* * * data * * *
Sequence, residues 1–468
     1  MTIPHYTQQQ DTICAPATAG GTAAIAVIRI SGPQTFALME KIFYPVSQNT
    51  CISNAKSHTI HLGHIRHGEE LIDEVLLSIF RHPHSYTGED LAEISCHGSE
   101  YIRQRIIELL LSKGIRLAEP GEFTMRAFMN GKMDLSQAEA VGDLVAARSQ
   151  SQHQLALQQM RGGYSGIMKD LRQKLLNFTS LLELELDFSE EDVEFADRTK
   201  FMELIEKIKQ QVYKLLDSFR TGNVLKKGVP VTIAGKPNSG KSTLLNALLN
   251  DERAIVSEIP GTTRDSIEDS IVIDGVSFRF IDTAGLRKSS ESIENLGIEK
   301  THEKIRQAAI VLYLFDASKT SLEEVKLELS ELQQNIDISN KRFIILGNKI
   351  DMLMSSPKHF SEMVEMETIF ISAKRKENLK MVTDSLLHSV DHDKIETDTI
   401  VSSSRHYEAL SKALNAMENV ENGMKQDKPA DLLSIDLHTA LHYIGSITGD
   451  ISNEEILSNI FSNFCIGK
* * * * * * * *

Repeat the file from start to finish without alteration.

Sequence, residues 1–468
     1  MTIPHYTQQQ DTICAPATAG GTAAIAVIRI SGPQTFALME KIFYPVSQNT
    51  CISNAKSHTI HLGHIRHGEE LIDEVLLSIF RHPHSYTGED LAEISCHGSE
   101  YIRQRIIELL LSKGIRLAEP GEFTMRAFMN GKMDLSQAEA VGDLVAARSQ
   151  SQHQLALQQM RGGYSGIMKD LRQKLLNFTS LLELELDFSE EDVEFADRTK
   201  FMELIEKIKQ QVYKLLDSFR TGNVLKKGVP VTIAGKPNSG KSTLLNALLN
   251  DERAIVSEIP GTTRDSIEDS IVIDGVSFRF IDTAGLRKSS ESIENLGIEK
   301  THEKIRQAAI VLYLFDASKT SLEEVKLELS ELQQNIDISN KRFIILGNKI
   351  DMLMSSPKHF SEMVEMETIF ISAKRKENLK MVTDSLLHSV DHDKIETDTI
   401  VSSSRHYEAL SKALNAMENV ENGMKQDKPA DLLSIDLHTA LHYIGSITGD
   451  ISNEEILSNI FSNFCIGK